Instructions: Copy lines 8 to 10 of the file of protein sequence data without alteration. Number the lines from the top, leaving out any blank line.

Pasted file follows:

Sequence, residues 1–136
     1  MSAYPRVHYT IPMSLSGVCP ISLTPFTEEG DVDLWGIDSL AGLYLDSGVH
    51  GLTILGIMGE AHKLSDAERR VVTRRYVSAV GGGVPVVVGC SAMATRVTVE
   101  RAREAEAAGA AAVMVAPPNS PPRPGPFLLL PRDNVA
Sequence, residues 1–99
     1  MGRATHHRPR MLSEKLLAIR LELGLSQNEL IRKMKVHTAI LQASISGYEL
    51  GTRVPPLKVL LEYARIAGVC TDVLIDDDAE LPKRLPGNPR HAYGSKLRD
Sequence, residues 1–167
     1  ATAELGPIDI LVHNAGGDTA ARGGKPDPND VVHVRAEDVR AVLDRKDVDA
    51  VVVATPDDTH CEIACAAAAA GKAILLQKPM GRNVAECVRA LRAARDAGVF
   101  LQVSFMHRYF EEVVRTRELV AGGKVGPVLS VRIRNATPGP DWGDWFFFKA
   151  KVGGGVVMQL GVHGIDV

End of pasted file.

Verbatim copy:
Sequence, residues 1–167
     1  ATAELGPIDI LVHNAGGDTA ARGGKPDPND VVHVRAEDVR AVLDRKDVDA
    51  VVVATPDDTH CEIACAAAAA GKAILLQKPM GRNVAECVRA LRAARDAGVF